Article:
Tuesday, November 9, 2010

Taking stock.

After a long haul of writing at a breakneck pace, I've run out of steam. The scene I've had in my mind for months, the big turning point that leads to the grand finale is now written. From here, I work my way toward my ending.

But at the moment, I'm taking a pause. I'm at the crest of the hill and I'm looking around before I get back on my scooter and head down the curving road. I'm reading, thinking, imagining. I always feel as though I'm wasting my time at moments like these, but I try not to get too down on myself about it. Most of the time I can write, and I can write fast. Sometimes, though, I can't. I need to let my subconscious replenish. But there is a pattern to these pauses, I'm beginning to realize. The problem is I'm between acts.

I tend to subscribe to the three act mode of writing fiction, borrowed from the dramatic structure going all the way back to Shakespeare, and before. I use it because it works, and it gives me a framework for thinking about my story. The three act structure goes something like this:

First Act Begins- This is the hook you use to set up your main characters. 

First Act Break - Your heroes set off on their journey, also known as, "The point of no return."

Second Act - Your heroes begin their journey.

Mid Point Break - All is lost. The heroes are at their lowest, on the verge of giving up, but they pull it together and forge onward.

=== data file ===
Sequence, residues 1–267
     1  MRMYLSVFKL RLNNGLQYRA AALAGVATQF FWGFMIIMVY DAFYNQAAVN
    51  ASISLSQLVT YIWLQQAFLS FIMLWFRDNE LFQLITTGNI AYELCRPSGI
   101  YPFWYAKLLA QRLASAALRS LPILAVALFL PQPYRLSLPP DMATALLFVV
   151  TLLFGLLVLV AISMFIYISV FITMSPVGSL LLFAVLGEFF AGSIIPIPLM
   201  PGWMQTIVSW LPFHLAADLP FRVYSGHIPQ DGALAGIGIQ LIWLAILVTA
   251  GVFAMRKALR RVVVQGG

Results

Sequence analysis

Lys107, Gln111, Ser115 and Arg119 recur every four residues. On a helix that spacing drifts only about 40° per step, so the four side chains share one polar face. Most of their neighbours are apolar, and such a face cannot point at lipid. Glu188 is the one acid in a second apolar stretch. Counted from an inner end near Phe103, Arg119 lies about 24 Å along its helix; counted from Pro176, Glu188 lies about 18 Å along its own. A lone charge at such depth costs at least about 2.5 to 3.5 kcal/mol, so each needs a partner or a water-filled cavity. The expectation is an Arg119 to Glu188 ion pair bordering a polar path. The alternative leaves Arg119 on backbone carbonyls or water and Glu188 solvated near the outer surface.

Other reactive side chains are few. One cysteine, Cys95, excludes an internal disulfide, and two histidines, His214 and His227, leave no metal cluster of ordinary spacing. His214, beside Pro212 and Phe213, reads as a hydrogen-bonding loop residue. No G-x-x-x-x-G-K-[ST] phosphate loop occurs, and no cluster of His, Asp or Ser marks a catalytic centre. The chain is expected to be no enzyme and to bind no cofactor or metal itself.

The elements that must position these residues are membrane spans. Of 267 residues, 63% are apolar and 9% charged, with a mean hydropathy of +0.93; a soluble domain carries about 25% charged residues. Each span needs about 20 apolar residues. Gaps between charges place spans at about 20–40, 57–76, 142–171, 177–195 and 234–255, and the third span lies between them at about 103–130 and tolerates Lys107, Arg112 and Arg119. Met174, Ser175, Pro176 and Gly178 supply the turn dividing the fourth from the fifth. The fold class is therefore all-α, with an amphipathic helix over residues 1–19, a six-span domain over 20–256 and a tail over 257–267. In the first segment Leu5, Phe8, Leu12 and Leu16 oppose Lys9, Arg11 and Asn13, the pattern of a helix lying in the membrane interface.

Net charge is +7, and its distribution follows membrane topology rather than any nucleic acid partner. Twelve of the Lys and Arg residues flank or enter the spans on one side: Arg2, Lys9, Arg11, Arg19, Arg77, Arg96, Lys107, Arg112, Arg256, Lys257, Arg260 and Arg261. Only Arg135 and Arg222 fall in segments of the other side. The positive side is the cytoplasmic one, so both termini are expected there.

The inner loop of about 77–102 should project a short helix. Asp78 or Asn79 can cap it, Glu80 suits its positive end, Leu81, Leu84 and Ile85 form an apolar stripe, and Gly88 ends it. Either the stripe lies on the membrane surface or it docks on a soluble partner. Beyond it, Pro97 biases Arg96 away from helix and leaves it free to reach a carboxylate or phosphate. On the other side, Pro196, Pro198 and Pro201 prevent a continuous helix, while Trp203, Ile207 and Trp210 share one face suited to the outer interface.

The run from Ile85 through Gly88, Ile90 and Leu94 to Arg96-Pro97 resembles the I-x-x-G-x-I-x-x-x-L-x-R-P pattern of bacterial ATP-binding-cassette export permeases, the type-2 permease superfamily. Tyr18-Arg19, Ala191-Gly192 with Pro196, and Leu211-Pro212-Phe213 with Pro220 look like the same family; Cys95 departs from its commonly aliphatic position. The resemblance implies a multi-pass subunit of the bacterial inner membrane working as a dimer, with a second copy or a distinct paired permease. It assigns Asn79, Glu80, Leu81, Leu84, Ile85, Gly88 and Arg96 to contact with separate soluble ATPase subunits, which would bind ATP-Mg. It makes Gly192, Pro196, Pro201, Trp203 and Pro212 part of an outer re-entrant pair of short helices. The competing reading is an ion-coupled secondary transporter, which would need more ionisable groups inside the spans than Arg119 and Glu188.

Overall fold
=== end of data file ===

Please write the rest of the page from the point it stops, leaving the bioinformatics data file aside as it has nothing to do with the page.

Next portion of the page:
Second Act Break - Heroes make a decision that brings about the final challenge to vanquish the forces that hinder them.

Third Act - The Hero faces the antagonist and risks all to accomplish goal.

Ending - Hero either accomplishes goal or fails.


Always between acts I have to take a little caesura and retool my thinking. Right now I'm at the Second Act Break. All my characters are about to compromise themselves in ways that will cost them dearly. It's always my favorite point in any book I'm reading, but when I'm writing, I have to proceed with caution. 

Leading up to now, I've been giving myself the tools I'll need to write a bang up climax and a stirring resolution. Now I have to take stock of those tools, decide which to use, which ones need spiffing up, and which ones to discard. It would be wonderful if this were an entirely conscious process; then I'd have some control. But I find, at least for me, my themes are largely under the surface, working in ways I don't consciously manipulate. I've got to let them line up they way they need before I can start writing again.

Or maybe all this is rationalization. I'm writing a book I enjoy, and I'm afraid of finishing it, because then I will have to get down to the difficult work of revision, which always takes me about twice as long to do as the actual writing of the book. But I don't think this is all rationalization, because of that pattern. Always between acts, even if I don't realize I've reached the end of an act, I mysteriously run out of steam. As long as I get back to writing soon, I'm willing to accept this pause as a part of the process.


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